On 29 January 2014, Mexican President Enrique Peña Nieto awarded Uruguayan President José Mujica the “Eagle Knight” medal at the Community of Latin American and Caribbean States (CELAC) Summit in Havana. Peña Nieto called Mujica “a great friend of Mexico.” As he was receiving the gilded necklace-shaped award, Mujica quipped: “You’re going to excuse me, but I don’t even wear a tie. I feel a bit shy.”
Mujica’s minimalistic lifestyle and his support for liberal policies have put Uruguay in the global spotlight. In the words of Peña Nieto, Uruguay has become “a reference in Latin American society.” Uruguay, South America’s second smallest nation with a population of three million, has sent shockwaves across the Western Hemisphere for being the first nation to legalize marijuana growth, sale, and consumption in an attempt to stem drug cartels.
Uruguay’s legalization model, enacted in December 2013, is close to the dream of many drug policy advocates. Once the government seizes control of the marijuana market, it will spoil profitability for drug kingpins. Marijuana users must be registered with the government, and if they claim to use cannabis for medical purposes, they must show a doctor’s prescription, and can only purchase cannabis in licensed pharmacies. The model seeks to encourage legislative changes to ease draconian drug policies in other countries and international institutions. In fact, the United Nations Office on Drugs and Crime recently announced it would ease restrictions on drug consumption to reduce the number of drug-related incarcerations across the globe.
Uruguay’s innovative drug policies, along with other revolutionary legislations, led The Economist to choose Uruguay as the “country of the year” in 2013. That year, Uruguay became the third country to legalize gay marriage after Argentina and Canada. The law even allows foreign gay couples to be married. Uruguay has also updated divorce laws and decriminalized abortion.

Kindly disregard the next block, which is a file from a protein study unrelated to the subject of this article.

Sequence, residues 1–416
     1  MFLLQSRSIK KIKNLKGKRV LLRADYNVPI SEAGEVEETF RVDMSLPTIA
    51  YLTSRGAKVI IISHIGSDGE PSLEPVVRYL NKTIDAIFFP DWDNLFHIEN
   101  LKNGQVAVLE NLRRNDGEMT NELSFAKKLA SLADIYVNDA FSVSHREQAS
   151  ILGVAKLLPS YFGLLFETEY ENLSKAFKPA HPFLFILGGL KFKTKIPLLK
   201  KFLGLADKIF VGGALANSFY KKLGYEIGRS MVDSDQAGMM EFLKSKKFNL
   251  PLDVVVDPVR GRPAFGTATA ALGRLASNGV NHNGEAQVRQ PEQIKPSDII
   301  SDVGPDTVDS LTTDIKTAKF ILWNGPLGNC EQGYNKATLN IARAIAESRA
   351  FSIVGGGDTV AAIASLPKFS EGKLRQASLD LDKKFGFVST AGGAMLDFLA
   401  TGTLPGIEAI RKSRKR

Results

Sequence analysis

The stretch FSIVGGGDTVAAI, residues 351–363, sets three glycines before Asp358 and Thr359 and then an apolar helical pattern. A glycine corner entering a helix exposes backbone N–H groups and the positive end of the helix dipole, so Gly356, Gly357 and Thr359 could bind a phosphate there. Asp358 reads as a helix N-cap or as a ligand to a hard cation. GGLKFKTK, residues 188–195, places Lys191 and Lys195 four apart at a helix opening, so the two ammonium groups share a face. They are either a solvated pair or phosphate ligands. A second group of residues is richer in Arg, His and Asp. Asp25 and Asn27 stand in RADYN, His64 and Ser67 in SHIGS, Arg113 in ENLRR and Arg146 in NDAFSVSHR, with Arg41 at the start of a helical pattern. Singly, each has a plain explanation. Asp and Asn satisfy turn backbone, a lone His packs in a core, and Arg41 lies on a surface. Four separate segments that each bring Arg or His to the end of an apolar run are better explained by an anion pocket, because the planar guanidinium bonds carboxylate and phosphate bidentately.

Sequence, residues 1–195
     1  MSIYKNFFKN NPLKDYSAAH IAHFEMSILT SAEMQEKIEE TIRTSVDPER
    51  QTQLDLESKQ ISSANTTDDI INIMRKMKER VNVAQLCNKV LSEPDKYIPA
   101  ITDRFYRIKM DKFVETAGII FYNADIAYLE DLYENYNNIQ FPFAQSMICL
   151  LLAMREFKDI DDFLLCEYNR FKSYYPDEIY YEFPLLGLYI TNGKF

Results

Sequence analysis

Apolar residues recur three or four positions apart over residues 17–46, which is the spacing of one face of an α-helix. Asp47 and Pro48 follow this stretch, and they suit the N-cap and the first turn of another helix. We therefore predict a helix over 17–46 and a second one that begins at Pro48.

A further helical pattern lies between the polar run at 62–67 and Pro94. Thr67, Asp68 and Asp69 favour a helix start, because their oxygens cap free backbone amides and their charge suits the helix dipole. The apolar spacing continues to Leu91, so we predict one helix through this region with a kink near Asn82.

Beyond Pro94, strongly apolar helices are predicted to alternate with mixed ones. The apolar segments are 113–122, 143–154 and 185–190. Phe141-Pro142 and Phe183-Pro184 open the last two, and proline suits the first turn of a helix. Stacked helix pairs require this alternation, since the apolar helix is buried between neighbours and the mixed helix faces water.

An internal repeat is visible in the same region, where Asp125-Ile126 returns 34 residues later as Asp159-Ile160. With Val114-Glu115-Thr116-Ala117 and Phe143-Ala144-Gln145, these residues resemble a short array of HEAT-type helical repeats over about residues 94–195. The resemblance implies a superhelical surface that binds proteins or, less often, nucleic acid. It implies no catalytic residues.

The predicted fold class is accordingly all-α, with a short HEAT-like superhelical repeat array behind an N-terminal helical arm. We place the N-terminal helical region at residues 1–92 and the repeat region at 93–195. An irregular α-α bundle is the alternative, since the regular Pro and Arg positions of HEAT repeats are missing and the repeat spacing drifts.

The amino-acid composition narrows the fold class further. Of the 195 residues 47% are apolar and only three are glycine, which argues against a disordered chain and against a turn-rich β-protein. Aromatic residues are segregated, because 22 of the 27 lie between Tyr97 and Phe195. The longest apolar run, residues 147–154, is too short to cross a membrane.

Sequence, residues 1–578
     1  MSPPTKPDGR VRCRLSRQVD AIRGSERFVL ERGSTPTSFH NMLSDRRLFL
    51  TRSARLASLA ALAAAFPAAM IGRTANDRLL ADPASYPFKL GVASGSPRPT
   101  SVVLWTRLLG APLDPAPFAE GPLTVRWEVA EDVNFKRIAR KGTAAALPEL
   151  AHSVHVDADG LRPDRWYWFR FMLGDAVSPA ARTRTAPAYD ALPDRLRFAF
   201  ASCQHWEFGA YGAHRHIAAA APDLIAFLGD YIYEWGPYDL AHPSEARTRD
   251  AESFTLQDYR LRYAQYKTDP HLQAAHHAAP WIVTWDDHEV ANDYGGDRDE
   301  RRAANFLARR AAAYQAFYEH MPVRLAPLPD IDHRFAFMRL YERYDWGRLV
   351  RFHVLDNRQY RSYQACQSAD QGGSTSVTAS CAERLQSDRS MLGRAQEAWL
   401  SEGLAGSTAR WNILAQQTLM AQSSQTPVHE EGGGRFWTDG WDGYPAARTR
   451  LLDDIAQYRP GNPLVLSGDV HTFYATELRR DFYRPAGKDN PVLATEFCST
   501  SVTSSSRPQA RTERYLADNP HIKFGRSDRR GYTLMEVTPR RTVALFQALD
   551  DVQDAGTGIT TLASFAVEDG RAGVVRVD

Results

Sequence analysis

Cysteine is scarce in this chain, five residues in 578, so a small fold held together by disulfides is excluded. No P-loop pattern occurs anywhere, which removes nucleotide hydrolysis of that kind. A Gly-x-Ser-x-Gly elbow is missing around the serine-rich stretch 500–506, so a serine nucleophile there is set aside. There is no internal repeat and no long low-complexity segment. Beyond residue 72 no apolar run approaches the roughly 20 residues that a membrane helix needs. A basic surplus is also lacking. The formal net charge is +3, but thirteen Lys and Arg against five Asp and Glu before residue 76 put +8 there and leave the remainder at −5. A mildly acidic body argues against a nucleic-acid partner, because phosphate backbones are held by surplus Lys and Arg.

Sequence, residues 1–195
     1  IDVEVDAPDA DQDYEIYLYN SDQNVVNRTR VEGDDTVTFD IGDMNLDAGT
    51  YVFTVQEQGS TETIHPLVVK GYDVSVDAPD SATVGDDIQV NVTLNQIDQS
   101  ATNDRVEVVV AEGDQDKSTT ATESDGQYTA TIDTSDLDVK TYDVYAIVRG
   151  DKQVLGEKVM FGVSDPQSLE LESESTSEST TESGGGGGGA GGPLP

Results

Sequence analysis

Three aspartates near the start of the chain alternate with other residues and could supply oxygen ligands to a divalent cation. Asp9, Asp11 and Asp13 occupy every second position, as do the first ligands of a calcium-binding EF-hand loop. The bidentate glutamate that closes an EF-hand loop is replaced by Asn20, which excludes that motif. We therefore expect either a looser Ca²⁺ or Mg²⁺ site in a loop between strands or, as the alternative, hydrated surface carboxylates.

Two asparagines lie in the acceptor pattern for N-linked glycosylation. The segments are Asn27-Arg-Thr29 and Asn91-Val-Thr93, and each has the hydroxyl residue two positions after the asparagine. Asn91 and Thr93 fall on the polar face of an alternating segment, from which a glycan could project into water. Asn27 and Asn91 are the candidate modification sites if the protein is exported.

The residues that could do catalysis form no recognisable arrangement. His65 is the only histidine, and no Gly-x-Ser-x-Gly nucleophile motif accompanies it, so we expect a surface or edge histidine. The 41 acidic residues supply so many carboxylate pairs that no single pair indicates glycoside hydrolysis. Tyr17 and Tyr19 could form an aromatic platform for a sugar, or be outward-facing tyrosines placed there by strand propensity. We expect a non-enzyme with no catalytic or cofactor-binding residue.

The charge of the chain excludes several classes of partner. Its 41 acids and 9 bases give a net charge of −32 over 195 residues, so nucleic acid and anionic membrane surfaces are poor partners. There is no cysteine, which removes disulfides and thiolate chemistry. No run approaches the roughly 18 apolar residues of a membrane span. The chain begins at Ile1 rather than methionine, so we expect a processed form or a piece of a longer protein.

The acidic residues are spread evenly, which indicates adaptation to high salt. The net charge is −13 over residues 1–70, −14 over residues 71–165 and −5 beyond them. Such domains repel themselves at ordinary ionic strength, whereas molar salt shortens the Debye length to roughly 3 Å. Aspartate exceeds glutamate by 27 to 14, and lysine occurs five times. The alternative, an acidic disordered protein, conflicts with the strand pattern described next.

Moreover, Mujica has led the way to “spread of wealth” in the country. Formerly a tupamaro (guerrilla member) in the 1970s, Mujica is the world’s poorest president. Instead of living in Montevideo’s presidential palace, he opted to reside in his ramshackle flower farm in a less privileged neighborhood at the outskirts of Uruguay’s capital. He donates 90 percent of his monthly salary (USD 12,000) to charities that help the poor and small entrepreneurs.
Ever since former President Tabaré Vazquez and Mujica clinched the presidency consecutively on behalf of their left-leaning party Broad Front, Uruguay has joined the ranks of the Leftist movement in Latin America, which includes Venezuela, Chile, Brazil, Nicaragua, Ecuador, Bolivia, and Cuba. With the rise of some of these countries’ leaders, a term coined by political analyst Heinz Dieterich has gained popularity: “21st Century Socialism.” According to Dieterich, 21st Century Socialism’s goals include the creation of nonviolent sociopolitical processes as well as the elimination of poverty, hunger, exploitation, economic oppression, sexism, and the destruction of natural resources. This ideological current also challenges U.S. influence in the region by integrating Latin America through economic and trade blocks such as the Community of Latin American and Caribbean States (CELAC), the Union of South American Nations (UNASUR), and Mercosur.